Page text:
Marriage Penalty In Healthcare Reform
Special Report - January 14, 2010
Health insurance premiums would be higher for some married couples than for comparable unmarried cohabiting couples under health reforms currently being considered by Congress. As passed, both the House and Senate healthcare reform bills would cap annual health insurance premiums in ways that are more beneficial for those who are unmarried. The penalty would be most heavily borne by low and middle-income couples who could pay $2,000 or more in higher annual insurance premiums than their single counterparts.
The bills establish subsidies to purchase health insurance plans based on the federal poverty guidelines. The subsidies are more limited for married couples with a combined income. Health insurance provided through employers would be unaffected. These subsidies would only be available for those who purchase health insurance through exchanges newly established by the proposed legislation. The Congressional Budget Office estimates that, under the House plan, 17 million people would receive these subsidies in 2016. As written, the bills would cap annual health insurance premiums for those incomes less than 400 percent of the poverty level at anywhere between 1.5 and 11 percent of income, depending on the poverty level.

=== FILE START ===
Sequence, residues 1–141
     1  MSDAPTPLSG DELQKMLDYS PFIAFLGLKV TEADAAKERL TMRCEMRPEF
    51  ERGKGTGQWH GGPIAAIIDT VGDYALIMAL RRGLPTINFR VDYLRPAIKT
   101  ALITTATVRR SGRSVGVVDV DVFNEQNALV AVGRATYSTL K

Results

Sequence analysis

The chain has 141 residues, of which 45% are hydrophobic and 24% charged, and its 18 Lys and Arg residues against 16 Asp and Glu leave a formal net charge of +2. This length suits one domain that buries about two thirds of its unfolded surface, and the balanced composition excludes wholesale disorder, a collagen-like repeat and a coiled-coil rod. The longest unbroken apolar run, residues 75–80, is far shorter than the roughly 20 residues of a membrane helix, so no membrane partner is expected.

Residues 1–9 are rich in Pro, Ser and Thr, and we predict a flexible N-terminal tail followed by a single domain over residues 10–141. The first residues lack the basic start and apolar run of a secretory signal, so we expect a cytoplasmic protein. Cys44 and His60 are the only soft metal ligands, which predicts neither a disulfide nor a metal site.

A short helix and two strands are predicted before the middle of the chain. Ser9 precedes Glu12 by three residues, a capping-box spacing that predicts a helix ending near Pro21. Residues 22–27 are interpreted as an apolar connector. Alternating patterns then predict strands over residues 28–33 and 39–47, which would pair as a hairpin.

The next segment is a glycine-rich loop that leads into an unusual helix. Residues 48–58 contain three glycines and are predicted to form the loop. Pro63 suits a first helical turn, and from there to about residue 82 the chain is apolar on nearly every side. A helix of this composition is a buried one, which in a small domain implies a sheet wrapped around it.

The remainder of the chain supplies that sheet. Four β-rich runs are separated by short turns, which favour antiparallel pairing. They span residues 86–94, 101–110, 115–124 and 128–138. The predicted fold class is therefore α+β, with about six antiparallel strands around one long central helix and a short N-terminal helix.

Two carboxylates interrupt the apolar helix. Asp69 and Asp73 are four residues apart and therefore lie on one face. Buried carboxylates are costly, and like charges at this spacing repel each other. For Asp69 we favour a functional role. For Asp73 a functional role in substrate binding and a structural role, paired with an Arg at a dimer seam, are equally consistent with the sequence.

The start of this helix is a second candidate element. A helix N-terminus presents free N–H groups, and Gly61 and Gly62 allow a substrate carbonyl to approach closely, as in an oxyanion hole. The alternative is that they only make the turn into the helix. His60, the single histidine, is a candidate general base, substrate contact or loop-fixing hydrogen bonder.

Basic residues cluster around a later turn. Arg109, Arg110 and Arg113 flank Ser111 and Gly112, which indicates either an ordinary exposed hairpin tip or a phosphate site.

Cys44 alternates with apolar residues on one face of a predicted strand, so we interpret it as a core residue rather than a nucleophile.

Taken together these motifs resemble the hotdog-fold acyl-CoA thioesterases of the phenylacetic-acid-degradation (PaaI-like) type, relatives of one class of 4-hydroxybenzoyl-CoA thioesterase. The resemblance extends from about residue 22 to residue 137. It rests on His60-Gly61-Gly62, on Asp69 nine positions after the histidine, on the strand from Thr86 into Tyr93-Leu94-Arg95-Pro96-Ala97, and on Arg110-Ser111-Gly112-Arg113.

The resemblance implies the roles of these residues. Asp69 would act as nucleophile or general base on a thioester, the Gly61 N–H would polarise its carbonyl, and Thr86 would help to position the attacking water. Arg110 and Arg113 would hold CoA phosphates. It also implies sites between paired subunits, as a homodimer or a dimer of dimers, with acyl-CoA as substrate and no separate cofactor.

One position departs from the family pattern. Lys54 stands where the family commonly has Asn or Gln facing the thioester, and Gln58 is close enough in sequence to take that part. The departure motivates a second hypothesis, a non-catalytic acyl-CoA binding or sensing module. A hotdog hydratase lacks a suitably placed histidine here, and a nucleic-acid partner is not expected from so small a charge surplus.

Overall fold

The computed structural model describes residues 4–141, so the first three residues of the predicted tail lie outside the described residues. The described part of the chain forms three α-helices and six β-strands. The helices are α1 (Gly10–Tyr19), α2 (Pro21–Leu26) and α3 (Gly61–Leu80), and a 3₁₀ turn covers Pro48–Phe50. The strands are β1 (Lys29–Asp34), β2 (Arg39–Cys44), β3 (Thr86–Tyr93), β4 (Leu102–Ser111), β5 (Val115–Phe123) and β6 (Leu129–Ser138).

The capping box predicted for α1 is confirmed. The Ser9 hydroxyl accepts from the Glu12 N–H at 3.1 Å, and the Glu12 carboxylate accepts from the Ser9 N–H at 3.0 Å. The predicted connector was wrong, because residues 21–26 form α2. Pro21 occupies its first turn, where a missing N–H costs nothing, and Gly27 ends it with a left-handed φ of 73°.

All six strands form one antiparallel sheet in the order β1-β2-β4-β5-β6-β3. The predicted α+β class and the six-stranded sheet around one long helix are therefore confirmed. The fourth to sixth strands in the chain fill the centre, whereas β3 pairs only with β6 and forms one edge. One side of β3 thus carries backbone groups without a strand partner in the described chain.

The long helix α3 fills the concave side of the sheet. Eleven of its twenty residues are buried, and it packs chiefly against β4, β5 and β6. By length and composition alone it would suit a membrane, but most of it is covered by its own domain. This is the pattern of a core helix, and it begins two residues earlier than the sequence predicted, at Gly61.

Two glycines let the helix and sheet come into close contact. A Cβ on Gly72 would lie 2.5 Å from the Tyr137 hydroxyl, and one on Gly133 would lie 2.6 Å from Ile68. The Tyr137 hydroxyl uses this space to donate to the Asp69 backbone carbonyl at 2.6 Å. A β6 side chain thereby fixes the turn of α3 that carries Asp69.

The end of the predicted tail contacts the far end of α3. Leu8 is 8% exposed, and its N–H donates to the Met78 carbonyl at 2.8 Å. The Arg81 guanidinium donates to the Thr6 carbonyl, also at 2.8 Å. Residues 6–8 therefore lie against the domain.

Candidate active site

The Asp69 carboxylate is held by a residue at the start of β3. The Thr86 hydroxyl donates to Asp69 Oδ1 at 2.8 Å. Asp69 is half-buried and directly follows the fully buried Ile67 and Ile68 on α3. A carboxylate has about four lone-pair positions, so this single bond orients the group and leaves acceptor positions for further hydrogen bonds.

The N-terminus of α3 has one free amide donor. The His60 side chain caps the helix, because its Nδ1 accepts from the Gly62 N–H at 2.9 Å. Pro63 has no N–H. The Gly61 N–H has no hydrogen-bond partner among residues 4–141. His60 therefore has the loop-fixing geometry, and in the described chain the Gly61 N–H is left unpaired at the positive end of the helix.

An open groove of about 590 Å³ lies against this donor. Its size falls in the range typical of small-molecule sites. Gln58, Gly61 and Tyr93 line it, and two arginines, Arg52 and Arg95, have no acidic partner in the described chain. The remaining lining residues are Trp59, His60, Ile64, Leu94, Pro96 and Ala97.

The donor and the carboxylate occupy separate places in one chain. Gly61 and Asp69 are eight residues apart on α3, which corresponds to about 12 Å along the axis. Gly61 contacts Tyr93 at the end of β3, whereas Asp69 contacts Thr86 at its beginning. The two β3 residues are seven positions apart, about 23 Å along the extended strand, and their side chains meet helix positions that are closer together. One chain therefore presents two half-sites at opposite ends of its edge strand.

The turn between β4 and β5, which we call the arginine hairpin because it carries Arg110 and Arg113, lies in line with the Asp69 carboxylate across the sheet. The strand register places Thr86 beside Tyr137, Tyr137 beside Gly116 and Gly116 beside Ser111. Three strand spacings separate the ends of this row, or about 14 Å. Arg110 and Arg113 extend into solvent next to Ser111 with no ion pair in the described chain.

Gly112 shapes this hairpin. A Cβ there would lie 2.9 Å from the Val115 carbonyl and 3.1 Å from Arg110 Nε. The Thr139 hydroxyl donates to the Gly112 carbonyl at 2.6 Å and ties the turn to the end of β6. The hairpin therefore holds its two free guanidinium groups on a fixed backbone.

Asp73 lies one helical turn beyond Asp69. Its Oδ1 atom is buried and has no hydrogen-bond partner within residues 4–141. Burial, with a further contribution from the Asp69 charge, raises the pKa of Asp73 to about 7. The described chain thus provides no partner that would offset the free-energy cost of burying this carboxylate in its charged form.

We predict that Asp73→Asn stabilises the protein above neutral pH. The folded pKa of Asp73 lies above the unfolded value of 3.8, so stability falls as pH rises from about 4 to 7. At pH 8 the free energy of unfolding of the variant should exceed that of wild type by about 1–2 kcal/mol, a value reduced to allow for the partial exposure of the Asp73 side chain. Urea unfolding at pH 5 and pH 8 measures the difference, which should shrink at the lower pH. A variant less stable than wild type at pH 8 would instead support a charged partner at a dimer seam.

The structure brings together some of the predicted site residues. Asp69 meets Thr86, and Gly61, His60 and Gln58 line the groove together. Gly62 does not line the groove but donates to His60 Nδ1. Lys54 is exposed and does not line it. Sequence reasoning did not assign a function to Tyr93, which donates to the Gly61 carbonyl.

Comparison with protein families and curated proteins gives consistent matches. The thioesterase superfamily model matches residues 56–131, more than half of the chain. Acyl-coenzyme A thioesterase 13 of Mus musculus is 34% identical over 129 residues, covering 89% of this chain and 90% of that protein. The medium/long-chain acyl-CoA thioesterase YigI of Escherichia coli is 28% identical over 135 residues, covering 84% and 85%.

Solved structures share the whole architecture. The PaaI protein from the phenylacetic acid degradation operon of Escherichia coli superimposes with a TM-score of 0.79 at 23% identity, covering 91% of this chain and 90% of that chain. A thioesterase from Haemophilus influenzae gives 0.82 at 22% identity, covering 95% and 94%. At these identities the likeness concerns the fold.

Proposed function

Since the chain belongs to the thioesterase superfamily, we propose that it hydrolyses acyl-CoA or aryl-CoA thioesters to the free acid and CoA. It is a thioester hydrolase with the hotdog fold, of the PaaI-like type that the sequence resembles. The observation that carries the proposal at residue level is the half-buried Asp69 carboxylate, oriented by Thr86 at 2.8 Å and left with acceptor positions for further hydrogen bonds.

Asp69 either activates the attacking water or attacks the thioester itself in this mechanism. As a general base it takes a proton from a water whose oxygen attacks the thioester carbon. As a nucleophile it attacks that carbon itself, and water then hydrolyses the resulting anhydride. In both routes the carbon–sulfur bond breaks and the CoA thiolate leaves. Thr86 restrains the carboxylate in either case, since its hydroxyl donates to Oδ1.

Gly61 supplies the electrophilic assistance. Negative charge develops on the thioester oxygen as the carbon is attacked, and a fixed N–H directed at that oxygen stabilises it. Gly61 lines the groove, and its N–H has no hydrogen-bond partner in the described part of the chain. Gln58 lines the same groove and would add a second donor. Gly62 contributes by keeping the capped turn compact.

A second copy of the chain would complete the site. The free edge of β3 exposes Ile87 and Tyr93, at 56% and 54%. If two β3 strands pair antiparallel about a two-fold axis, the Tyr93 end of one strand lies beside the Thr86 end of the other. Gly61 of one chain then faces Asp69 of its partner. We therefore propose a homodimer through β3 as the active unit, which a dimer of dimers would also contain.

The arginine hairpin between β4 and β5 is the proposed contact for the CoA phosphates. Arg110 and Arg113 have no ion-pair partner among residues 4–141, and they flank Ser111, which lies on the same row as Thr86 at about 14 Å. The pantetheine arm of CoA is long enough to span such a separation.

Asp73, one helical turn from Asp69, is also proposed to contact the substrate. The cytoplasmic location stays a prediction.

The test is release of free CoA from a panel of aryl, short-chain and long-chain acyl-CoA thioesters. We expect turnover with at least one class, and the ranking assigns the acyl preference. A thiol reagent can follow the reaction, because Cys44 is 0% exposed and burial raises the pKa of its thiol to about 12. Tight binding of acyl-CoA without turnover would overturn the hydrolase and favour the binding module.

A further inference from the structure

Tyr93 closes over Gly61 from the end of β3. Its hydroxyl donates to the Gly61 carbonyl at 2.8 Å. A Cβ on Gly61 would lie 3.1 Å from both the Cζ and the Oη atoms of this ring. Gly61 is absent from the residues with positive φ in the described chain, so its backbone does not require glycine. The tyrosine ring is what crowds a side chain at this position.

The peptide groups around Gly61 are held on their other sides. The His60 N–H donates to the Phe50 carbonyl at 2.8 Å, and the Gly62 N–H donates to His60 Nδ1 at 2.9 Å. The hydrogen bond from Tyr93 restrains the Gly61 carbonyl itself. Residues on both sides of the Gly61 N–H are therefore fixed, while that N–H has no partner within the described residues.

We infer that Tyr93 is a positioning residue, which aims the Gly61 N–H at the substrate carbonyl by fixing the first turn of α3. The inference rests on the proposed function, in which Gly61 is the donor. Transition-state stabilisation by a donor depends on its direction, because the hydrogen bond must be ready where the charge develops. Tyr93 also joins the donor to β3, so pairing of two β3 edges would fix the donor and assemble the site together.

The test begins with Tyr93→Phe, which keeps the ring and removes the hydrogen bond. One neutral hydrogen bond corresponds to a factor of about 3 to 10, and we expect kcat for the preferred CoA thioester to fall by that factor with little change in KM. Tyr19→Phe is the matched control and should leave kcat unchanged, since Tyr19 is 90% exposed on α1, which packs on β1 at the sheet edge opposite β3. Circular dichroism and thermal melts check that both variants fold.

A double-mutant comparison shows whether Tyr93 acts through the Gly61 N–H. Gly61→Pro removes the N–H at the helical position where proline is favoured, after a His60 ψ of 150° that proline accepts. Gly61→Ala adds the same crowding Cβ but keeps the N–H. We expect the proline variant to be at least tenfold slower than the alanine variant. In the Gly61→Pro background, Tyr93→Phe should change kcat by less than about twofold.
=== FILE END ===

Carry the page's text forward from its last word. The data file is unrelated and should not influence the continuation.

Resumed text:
The House plan would effectively impose a penalty of $2,084 on a married couple with a combined income of $50,000. The Senate plan would penalize married couples with $1,650 in higher annual premiums as compared to their unmarried counterparts making $25,000 a year each. These penalties result from a set-up that provides a single subsidy to eligible married couples, but grants a subsidy to each eligible income-earner in an unmarried couple, which when added together exceeds the amount of the single subsidy to the married couple. The penalty is even higheras much as $5,000for married couples who are ineligible for the government subsidies.
“The government should not be penalizing those couples that take it upon themselves to strengthen and develop the foundational block of our society by forming families through marriage,” said Bill Brooks, president of the North Carolina Family Policy Council. “Married couples contribute more to the economy in the form of careers, consumption, education, children, and the general welfare. Government should always encourage and support such relationships.”
Copyright © 2010. North Carolina Family Policy Council. All rights reserved.